we have stated before, even if we are too old-fashioned to believe in
two weeks of voting — or even two days, which is still a little too
many days for our liking — we hope that the people of this community
will take advantage of that privilege and right that the American
people have to cast their votes for the person they believe most
It is very important to make the effort to elect people we believe
will make a difference in our community: we need to check their
experience, consider their honesty, and go with the people who care
about the betterment of our community, especially in caring about the
well-being of our children.
Some candidates for office have lots of money. They have most of the
television commercials and the big billboards. That does not make them
the best choices for your vote, and it surely does not mean that they
have the best interests of the community at heart.
We suggest you ask yourself this question: Why would anyone spend
three or four times the amount the office they’re chasing pays, if
they get elected?
Yes, we said chasing, because anyone spending more than what they
have, on anything, would be chasing whatever it is — power,
connections, retirement “benefits,” etc.
We are not saying to elect any old Tom, Dick or Harry who throws his
hat in the ring to get a job he knows nothing about; we are not
suggesting we elect anyone who wants to become a one-term politician
in order to secure a lifetime retirement, just as we are not saying to
vote for someone who wants to sit in office for the rest of his/her
natural life at our expense.
What the community needs to do is to sort out the dedicated and loyal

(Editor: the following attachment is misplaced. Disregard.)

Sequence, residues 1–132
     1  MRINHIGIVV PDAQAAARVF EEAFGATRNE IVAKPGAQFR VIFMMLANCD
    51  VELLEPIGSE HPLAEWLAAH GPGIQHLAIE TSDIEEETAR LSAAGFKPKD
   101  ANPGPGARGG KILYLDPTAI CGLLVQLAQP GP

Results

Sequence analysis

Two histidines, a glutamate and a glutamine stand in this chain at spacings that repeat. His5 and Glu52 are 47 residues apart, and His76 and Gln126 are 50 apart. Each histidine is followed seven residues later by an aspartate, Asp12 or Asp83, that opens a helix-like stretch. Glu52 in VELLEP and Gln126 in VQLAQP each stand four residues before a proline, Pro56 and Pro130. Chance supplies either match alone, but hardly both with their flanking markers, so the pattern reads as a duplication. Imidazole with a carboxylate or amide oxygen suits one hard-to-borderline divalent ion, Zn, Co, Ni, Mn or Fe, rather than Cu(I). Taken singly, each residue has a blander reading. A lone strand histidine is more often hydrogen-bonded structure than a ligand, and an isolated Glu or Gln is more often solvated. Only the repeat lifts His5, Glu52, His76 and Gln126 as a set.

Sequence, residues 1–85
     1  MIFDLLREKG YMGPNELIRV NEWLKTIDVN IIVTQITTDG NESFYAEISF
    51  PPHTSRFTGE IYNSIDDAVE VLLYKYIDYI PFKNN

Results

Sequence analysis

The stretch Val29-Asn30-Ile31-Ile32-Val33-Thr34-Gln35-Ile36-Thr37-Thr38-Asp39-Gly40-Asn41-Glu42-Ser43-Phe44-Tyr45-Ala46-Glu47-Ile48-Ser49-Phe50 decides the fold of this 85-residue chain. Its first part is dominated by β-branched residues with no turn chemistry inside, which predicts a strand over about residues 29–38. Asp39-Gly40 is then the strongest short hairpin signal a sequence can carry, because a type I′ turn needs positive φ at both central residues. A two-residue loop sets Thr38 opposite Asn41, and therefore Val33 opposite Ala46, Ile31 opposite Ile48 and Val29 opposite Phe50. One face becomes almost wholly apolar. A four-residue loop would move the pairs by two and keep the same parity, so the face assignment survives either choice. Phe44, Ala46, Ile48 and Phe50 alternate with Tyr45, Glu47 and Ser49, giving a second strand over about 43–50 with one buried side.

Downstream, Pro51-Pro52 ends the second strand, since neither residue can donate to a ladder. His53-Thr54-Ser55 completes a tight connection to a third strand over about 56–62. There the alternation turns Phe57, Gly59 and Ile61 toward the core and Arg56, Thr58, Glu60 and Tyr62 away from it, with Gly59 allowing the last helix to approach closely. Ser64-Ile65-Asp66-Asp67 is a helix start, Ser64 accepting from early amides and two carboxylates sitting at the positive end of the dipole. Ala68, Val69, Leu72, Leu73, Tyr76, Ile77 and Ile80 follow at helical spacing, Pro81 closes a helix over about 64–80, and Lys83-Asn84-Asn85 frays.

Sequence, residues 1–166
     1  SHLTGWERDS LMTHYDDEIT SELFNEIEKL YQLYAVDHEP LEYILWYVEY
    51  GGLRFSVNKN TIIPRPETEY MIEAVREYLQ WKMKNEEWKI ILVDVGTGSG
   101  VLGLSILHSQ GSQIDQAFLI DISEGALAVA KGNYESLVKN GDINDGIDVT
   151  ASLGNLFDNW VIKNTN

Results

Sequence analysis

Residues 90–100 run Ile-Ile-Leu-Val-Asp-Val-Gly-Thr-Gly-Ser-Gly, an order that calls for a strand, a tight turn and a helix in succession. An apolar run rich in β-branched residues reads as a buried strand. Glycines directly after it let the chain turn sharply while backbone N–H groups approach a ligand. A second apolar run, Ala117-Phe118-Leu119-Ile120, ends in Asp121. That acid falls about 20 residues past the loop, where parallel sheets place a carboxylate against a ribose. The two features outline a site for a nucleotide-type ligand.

candidates — those who want to take office to actually serve the
community to the best of their ability, and who will uplift the
community, leaving it better than they found it — from those who might
want personal gain first and foremost, to say nothing of keeping
certain things the same old way. In addition, we need candidates who
are not afraid of new ideas, innovation, or new blood; in other words,
candidates who will interact with the community and seek the best
solutions for the challenges that the office faces, and be brave
enough to implement them when they are warranted.
The president of this great nation is only allowed “to give back to
the country” two terms; locally, the elected officials are allowed to
give back three terms. Why, we wonder, would any other elected
official be allowed to stay in office forever?
More people should be allowed the opportunity to serve their
community. We need the new generation with their new ideas just as
much as we need the older, more experienced generation, but neither to
the extent that they lock out the other. That is not the American way.
Twenty years in office is way too long, in our opinion, but in the
judicial race it is two years shy of three terms, after which they can
go back to private practice, paying their fair share of things like
rent, phone bills, payroll, and everything else they enjoyed at
taxpayers’ expense for those three terms. If they don’t choose that,
they can retire and live off the taxpayers for the rest of their life
and enjoy the prestige of their having been a jurist who served the
community in which they live.
Voters should only elect people who will go to the job with the clear
thought in mind that they work for the taxpayers, and for the
community as a whole, and that they are not better than anyone else.
Voters should only elect people with a fair mind and a sense of
responsibility and loyalty to the community. Voting or not voting out
of vindictiveness toward those who did not vote for them or who have
taken part in the community government by attending meetings,
expressing their opinions, offering suggestions and speaking up when
they see something they don’t like, is not doing the best thing for
all of us.
“Even an editor needs an editor” is a well known saying in journalism
that can apply to any other profession, even to politicians, who are
not exempt. They should be grateful that there are concerned citizens
that are willing to help free of charge to keep — or make — our
community the best community of them all.
So go vote — early if you must, or on Election Day — but go and
exercise your American right and duty to elect the best people to
serve the community the best they can. With everyone pitching in to
turn those candidates into our new community “team,” teamwork will no
longer be just a meaningless word.